Cantina or Kellerei? Alto Adige or Südtirol? Pinot Bianco or Weissburgunder? The words only highlight the fascinating blend of Italian and German cultures, winemaking, and language found in this northeastern corner of Italy. Tramin (I’ll skip the first word since I can’t quite decide whether to follow the German or Italian linguistics) is a cooperative with 270 growers, and despite producing about 125,000 cases annually, there is tremendous attention to quality.
Like many wines from this region, the Tramin Pinot Bianco has an undeniable sense of place. Lots of minerality on the nose and palate, backed by enticing fruit – particularly pear, but also red apple – and light white flowers. Rich mouthfeel with medium plus weight, juicy acidity, and a Semillon-like waxiness. The Tramin finishes with lemon and a bit of smokiness and lanolin. A beautiful example of Pinot Bianco.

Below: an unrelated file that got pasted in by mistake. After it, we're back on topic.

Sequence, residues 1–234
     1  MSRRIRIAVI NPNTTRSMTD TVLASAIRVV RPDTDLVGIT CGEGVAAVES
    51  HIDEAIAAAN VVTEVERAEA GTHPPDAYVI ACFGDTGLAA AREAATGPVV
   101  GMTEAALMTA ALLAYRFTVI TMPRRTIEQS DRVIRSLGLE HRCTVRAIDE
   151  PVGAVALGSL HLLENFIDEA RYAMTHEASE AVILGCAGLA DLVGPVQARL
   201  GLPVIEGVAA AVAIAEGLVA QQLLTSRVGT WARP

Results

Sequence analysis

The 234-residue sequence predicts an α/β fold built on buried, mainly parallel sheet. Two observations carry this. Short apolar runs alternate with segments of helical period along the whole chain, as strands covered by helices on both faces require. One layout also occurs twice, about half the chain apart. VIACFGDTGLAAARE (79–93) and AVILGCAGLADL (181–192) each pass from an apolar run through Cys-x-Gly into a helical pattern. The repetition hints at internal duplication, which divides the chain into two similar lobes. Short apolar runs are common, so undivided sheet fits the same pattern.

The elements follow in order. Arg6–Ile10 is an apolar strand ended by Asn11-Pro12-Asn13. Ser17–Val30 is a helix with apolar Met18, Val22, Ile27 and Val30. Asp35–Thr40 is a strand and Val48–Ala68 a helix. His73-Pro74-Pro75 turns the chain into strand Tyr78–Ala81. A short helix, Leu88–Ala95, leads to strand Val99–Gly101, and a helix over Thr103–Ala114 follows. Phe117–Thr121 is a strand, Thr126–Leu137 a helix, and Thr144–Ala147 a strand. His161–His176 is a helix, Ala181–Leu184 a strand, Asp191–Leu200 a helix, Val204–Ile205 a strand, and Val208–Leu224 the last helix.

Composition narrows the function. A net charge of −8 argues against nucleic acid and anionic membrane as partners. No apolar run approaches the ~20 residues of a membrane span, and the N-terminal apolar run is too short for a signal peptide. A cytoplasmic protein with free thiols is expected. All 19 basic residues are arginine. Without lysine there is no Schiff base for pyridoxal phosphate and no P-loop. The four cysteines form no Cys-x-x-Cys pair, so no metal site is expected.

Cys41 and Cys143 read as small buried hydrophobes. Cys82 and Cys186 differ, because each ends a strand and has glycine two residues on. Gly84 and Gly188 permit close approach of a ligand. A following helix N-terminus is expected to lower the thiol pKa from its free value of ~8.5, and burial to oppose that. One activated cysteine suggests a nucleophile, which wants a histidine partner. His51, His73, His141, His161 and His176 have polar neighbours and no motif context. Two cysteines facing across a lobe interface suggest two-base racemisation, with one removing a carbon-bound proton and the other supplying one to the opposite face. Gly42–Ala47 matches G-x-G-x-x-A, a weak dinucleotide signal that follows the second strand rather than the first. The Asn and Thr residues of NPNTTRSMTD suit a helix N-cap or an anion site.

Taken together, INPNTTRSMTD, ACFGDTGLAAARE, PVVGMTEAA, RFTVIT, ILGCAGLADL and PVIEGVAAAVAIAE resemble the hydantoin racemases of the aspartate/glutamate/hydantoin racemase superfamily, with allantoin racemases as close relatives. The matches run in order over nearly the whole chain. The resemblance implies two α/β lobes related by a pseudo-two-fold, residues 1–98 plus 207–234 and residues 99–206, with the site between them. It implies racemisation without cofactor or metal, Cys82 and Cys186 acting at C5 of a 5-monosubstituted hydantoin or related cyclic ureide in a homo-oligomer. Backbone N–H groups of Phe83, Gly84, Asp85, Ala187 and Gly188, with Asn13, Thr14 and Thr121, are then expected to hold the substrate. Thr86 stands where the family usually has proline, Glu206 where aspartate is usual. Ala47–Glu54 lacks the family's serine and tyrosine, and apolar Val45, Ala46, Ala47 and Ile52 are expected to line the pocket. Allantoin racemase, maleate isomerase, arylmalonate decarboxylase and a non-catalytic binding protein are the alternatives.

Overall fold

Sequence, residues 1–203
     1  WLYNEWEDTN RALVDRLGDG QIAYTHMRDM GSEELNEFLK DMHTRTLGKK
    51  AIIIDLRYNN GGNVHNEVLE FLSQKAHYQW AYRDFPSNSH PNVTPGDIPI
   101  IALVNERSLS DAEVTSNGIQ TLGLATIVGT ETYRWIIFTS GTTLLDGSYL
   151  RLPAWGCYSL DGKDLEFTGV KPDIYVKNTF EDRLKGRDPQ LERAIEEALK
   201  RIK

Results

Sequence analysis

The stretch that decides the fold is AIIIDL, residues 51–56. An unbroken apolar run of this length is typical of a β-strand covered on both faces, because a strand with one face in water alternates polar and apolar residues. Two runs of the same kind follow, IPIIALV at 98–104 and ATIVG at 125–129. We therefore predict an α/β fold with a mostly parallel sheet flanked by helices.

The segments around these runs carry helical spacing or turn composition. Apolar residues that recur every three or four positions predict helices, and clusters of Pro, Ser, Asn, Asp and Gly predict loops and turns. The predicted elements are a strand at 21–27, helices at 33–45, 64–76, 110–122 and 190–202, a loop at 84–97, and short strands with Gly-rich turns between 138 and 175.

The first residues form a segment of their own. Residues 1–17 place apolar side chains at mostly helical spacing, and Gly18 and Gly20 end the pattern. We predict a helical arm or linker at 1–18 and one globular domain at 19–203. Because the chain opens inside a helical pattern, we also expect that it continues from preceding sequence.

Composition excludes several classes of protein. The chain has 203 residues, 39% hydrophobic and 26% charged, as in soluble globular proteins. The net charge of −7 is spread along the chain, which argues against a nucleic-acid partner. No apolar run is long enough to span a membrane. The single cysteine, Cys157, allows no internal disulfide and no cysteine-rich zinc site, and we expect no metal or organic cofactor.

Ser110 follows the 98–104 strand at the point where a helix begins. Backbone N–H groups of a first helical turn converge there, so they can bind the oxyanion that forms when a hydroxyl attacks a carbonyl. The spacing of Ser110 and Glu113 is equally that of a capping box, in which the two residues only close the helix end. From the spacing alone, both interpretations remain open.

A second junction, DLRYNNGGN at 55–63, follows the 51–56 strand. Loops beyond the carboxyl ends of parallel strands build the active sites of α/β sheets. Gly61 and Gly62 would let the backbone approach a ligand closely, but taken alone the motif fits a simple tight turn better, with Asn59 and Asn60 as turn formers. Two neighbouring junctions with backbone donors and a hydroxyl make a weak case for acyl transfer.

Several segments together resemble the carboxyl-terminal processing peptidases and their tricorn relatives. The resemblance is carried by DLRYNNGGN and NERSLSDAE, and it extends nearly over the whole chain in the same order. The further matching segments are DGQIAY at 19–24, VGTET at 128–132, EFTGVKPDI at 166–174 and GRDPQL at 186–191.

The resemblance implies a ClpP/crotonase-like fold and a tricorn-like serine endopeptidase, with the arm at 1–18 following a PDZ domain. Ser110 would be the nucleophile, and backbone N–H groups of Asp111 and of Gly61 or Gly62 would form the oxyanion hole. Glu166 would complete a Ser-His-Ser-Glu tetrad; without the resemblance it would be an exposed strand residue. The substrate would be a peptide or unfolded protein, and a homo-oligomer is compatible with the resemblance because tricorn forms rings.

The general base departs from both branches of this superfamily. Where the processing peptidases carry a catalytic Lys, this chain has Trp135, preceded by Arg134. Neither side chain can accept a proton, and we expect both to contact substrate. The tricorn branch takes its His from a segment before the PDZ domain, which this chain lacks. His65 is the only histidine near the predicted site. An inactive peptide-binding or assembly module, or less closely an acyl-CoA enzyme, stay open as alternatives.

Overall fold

At Vinodivino for $17.